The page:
For this post, I’m back in the USA. I know, I know – I just got to Chile, and I already left?! Yes, and for numerous reasons, it’s absolutely worth the quick trip back.
Allow me a moment to explain. I still have a few more years in the Marine Corps Reserve. I needed somewhere to go for my annual training requirements. As I thought about it, I contemplated different units on the East Coast.
Then I thought again. Why should I stay East Coast? If this is a year of change, a year of adventure and a year of taking chances, why not try to get back to California? It was the place I most loved.
My search led me to the Logistics Section (G-4) at First Marine Expeditionary Force (I MEF). I was beyond excited. My first few days were a flurry of nostalgia. It started when I stepped off the plane into the beauty that is San Diego and continued as I drove north on I-5. I returned to Carlsbad and Encinitas to explore the ocean and new restaurants that have appeared. How things have changed, and stayed the same! I ran into old friends, and a few Marines I knew from my old units. One friend in particular I just happened to see walking across a parking lot, and we were so shocked to see each other we stopped in our tracks and began to laugh. The last time I saw him was Iraq – when he and his Marines were moving north and had stopped for a meal in my improvised chowhall. The Marine Corps is such a small place, and it is amazing how life seems to take all of us full circle.
Then I got really nostalgic (so buckle your seat belts!). I remembered the day I got my orders to southern California – oh so many years ago. It really is mere moments that shape our lives. And I thought how different my life might have been without Camp Pendleton. It was not foreordained that this would be my first duty station – but I was a determined young lieutenant. 😉
I was at The Basic School (TBS – also known as Taco Bell for Supper, The Big Suck, and various other funny or derogatory names). It is six months of basic officer training – a lot of time in the field, cleaning weapons, running around, general harassment and not a lot of fun. It is also the place where most second lieutenants receive their military occupational specialties (MOSs) and their first duty stations.
I got logistics. This was my second choice, but only because I thought I should ask for something “cool” like intel. Of course, I didn’t get intel. But I wasn’t really upset. Logistics was in my blood, so I felt like the Marine Corps had actually gotten something right.
There were a bunch of us new logisticians, probably 20 or 25 second lieutenants. One day, they put us all in a classroom to figure out duty stations. The room usually meant to hold 200+ young officers for classes in tactics or land navigation or simple admin seemed empty. It also seemed strange that the days of struggle were nearly behind us. We had made it, and were preparing to move on to the “real” Marine Corps. That felt so good!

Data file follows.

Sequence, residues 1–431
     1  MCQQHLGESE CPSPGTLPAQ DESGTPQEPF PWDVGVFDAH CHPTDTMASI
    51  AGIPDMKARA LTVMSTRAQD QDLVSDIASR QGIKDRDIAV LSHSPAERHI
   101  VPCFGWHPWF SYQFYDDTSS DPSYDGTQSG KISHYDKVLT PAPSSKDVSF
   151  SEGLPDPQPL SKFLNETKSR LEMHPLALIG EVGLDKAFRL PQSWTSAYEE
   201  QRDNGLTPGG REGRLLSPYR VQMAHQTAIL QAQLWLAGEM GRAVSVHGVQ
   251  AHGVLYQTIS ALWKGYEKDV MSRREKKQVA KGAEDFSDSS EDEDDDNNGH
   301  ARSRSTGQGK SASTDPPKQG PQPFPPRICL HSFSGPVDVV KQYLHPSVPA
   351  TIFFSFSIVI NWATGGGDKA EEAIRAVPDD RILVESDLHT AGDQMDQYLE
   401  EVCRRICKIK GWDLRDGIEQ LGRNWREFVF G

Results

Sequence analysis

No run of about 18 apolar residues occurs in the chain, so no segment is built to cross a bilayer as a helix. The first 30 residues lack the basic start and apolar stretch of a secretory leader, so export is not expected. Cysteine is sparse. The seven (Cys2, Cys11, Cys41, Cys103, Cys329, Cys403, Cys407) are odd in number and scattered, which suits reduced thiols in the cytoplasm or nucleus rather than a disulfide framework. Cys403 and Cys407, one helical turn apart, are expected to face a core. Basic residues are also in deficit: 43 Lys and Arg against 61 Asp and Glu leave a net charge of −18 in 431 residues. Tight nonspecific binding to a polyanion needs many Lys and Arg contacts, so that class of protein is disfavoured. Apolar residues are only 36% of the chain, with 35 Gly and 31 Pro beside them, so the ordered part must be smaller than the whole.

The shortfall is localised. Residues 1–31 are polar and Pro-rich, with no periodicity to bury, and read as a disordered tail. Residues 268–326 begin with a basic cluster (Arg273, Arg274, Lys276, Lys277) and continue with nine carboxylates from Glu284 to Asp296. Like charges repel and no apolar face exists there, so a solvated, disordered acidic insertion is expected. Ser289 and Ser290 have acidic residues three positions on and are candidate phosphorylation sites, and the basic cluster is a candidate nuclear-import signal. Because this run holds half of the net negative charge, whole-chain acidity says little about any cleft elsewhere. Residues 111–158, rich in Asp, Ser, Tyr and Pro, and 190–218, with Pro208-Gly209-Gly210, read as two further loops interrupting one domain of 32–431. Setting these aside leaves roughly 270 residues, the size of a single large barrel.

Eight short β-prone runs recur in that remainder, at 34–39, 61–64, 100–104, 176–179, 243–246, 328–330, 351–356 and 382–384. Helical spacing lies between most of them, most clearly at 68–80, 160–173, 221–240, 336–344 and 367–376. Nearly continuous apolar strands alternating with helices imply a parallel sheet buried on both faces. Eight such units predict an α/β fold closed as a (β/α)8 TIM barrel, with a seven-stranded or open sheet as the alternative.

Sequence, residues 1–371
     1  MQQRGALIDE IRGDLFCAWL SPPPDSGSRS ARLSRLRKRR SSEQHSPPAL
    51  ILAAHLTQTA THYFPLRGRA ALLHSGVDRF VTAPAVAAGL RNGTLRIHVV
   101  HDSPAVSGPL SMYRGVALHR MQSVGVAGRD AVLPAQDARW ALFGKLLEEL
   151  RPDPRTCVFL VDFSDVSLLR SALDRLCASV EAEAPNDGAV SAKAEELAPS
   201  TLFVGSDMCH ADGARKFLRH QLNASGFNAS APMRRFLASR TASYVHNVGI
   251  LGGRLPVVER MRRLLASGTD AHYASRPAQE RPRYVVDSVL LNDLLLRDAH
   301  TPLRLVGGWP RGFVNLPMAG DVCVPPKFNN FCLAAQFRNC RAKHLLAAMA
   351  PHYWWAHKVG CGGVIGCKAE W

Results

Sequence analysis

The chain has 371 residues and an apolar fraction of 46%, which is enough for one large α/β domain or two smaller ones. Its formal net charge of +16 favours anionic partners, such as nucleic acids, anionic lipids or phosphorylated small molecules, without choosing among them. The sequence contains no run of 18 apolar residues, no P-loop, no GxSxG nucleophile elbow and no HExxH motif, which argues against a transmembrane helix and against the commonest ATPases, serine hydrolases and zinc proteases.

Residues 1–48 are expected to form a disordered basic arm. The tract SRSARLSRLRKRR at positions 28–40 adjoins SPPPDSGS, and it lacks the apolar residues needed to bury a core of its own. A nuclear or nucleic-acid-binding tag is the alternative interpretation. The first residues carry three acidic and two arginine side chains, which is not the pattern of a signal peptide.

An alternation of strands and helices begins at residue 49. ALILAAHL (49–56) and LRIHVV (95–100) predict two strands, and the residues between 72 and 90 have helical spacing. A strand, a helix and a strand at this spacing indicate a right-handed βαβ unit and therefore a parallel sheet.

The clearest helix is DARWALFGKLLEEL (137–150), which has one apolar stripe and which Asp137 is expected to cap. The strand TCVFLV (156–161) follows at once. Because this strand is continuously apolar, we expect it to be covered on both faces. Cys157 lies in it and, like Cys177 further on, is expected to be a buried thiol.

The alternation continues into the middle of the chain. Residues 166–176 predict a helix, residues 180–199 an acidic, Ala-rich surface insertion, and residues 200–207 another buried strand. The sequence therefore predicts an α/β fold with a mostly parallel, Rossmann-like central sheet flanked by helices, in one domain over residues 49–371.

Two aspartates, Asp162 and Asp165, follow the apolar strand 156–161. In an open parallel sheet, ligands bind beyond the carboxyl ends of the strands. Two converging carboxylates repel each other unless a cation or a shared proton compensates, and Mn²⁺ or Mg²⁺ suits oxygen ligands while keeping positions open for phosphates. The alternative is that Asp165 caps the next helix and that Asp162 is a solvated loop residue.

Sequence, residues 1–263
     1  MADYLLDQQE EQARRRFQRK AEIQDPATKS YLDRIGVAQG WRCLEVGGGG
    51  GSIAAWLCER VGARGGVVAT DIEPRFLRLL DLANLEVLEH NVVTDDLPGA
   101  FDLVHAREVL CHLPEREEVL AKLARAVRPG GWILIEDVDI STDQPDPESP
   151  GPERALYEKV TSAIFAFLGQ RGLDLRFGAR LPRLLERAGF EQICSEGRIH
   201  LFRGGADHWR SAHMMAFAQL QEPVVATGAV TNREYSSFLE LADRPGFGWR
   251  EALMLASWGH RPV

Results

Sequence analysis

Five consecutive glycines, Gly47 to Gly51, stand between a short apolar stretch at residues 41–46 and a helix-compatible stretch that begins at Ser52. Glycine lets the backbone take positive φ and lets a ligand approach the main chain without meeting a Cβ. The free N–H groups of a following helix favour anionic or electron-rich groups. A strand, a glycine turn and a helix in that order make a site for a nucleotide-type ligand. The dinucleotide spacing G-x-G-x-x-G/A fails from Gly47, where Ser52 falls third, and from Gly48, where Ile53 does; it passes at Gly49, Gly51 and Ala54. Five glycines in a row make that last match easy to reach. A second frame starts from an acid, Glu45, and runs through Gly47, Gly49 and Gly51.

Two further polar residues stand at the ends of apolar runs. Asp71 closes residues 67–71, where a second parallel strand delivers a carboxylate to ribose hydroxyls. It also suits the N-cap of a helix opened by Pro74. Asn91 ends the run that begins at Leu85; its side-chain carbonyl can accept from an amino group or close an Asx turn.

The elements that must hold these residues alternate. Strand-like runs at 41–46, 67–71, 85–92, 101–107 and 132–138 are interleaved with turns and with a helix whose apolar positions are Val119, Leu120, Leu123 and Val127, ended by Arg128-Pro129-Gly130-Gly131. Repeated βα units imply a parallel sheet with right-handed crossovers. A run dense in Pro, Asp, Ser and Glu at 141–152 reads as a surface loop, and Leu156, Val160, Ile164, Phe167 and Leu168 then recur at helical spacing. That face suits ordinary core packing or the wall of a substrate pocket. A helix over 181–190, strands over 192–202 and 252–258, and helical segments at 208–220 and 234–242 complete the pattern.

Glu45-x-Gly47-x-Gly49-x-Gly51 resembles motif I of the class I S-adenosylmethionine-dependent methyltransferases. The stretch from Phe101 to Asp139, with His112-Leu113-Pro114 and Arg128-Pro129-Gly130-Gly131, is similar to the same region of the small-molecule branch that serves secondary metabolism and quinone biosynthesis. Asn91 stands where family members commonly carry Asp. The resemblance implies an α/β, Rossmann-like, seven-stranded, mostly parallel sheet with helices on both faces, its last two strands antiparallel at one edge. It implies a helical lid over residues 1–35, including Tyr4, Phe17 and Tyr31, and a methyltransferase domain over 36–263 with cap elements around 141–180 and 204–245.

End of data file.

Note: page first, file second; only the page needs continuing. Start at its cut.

We had three choices: Camp Lejeune, NC; Okinawa, Japan; or Camp Pendleton, CA. The captain in charge started with CPEN, asking for volunteers. Silly man. You don’t START with the most coveted duty station. I leapt out of my chair, threw my hand in the air, and generally conveyed as much possible enthusiasm (or derangement, depending on your perspective) for my chosen duty station as a person could convey. I didn’t really notice anyone else (completely in my own world, literally trying to WILL San Diego into my future), but most of the other lieutenants must have also raised their hands (and commented on my insanity).
The captain switched tactics. He said, “all right, let’s start with something else”. Smart move. I forget whether he went to Okinawa next, or Camp Lejeune. But he had a certain number of billets to fill at each location. The last few slots were tough to fill, but he was patient, refusing to move on. Eventually somebody raised his or her hand.
The entire time, I sat in my chair, fairly bursting with anxiety. I was trying to remain still, disappear (if at all possible) and looking at the table to avoid eye contact. I had no idea how this would turn out. I kept waiting for him to simply point at us and say, “you, you and you – you’re going here; you, you and you – you’re going there”.I felt that I might be first on the chopping block (based on my initial display). This was the way of the Marine Corps – no choice; suck it up; do what you’re told.
But I was determined. If the Marine Corps wanted to send me somewhere else, it was going to have to give me a direct order.
My patience paid off. When the captain finally looked up, he said “congratulations” to the rest of us. We were going to southern California. I couldn’t believe it. I seriously couldn’t believe it. I was going to San Diego. I would take full advantage of this good fortune. I knew how lucky I was. And I knew that I was going to have the time of my life.
I did. I enjoyed every minute (or nearly – some days were just hard). I lived three blocks from the beach. I watched the sunset every night I was home in time, just because I could. I partied with my friends. (Oh, to be a lieutenant again!!) I PT’ed with my Marines. I almost deployed to Afghanistan. I did deploy to Iraq. I grew as a person and as an officer. I became someone I was proud to be. It was here I fell in love with the Marine Corps. It was here my best memories were made. So happy to be home again!!
I thank you for indulging me in this walk down memory lane. I hope you enjoy the pictures. Next time, more on my adventures in Chile! 🙂